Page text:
In my ART MOVEMENT shows, I try not to get too carried away with politics but in the past, I have talked about how I believe that you can tell a lot about any given country’s state of democracy by its treatment of the arts and cultural heritage at large.

When we think about totalitarians and extremists burning books, destroying artworks or censoring and prosecuting artists, we tend to think of it as something of a different time. Footage from the past shot in black and white.

Yet, there are several worrying situations right now in various parts of the world that we should be aware of. One of these is certainly Jair Bolsonaro in Brazil, which also happens to top my personal list of countries I’ve always wanted to visit.

Since his election, the right-wing politician has done much to be considered one of the world’s most controversial leaders. He has trampled over human rights and decreased democratic rights in Brazil. In the process, he has also shown a great disregard for the arts and culture sector.

Brazil has been one of the worst hit countries by the coronavirus pandemic. This has facilitated his government’s plans for a stronghold on arts and culture, as well as its educational sector. One of the latest examples is what is currently happening with the Cinemateca Brasileira, which is the cinematheque of Brazil.

The Cinemateca Brasileira was founded in 1940, which makes it one of the oldest cinema institutions in the entire country. It’s also home to the largest film archive in South American with 250,000 rolls of film and a million cinema-related documents.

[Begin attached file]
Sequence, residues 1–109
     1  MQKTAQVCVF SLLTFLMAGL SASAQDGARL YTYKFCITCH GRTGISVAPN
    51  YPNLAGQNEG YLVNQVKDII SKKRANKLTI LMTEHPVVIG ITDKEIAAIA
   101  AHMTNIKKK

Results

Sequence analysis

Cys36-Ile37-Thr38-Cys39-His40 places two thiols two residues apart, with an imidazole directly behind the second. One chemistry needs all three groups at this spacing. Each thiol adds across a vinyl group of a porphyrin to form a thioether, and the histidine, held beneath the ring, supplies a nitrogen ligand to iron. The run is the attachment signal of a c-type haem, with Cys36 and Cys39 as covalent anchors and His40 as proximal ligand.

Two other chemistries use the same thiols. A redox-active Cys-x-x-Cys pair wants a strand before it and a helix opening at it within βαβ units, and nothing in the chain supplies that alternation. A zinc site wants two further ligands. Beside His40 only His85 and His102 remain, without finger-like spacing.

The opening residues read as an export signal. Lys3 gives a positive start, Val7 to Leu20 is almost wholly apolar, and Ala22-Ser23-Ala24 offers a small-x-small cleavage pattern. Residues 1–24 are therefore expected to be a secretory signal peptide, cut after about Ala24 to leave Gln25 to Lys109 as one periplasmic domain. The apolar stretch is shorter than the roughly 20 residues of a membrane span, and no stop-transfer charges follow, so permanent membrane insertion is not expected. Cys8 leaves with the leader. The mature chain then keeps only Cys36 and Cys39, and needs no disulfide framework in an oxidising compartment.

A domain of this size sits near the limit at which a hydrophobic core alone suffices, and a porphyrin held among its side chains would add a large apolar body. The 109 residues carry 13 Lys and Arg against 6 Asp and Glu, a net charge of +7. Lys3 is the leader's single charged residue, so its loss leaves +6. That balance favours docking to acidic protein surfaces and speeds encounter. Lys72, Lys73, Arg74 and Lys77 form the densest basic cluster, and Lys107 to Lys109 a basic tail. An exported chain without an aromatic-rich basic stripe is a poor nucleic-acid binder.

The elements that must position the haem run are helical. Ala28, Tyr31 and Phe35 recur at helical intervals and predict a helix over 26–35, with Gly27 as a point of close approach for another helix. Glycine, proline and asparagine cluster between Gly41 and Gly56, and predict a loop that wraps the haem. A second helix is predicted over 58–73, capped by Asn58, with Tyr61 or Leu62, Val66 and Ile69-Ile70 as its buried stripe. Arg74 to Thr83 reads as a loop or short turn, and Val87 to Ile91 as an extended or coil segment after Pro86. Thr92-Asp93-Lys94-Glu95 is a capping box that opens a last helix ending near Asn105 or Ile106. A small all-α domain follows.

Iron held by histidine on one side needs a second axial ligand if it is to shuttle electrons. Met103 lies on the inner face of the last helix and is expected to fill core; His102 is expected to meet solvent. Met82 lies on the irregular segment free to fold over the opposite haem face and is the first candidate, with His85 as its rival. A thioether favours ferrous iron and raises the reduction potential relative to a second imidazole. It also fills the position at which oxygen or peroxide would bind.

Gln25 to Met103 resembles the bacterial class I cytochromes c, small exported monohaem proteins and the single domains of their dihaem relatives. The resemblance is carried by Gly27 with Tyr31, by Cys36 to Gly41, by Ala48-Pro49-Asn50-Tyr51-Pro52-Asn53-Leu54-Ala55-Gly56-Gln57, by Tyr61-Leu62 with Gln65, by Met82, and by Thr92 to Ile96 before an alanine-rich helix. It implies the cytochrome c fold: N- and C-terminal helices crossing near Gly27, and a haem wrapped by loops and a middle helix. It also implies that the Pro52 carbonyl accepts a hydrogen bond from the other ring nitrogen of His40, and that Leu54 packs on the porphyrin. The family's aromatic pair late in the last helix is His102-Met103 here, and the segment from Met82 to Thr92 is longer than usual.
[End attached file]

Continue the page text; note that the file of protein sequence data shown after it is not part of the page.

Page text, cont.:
It is, in other words, the most important institution for preserving the memory of Brazilian cinema and also, works from the cinemas of other countries that were discovered in Brazil.

Despite its obvious invaluable status, the Bolsonaro government has little time for it. The Cinematheque’s employees have not been paid since March. During this period, the government completely cut finances to the foundation tasked with looking after it, leaving the institution broke.

As a result, the Cinemateca has not been able to pay its bills and recently, its electricity was cut off. Last Friday, a Special Secretariat for Culture took keys to the Cinematheque in an operation that involved heavily armed men from the Federal Police force.

In addition, 41 employees were fired. A dismantling of the Cinemateca is currently underway with no experts in the preservation of film involved. 

Archiving films is not as easy as storing stacked reels of film on a shelf. The film medium requires a lot of care and attention in order to be preserved, not to mention that each of the reels of films is painstakingly catalogued, as the risk of losing anything from any archive is always around the corner.

Abrupt abandonment, the way in which it is happening in the Cinemateca, puts its cultural collection at great risk, since much of the stored material is composed of nitrate, a substance that can spontaneously combust without proper care. Care must therefore be performed by highly skilled labourers.

Without trained technical staff, all the national memory stored there may disappear forever.

Download the full radio show HERE

Click here to buy my book of thoughts on film, Eye of the Beholder, on Amazon!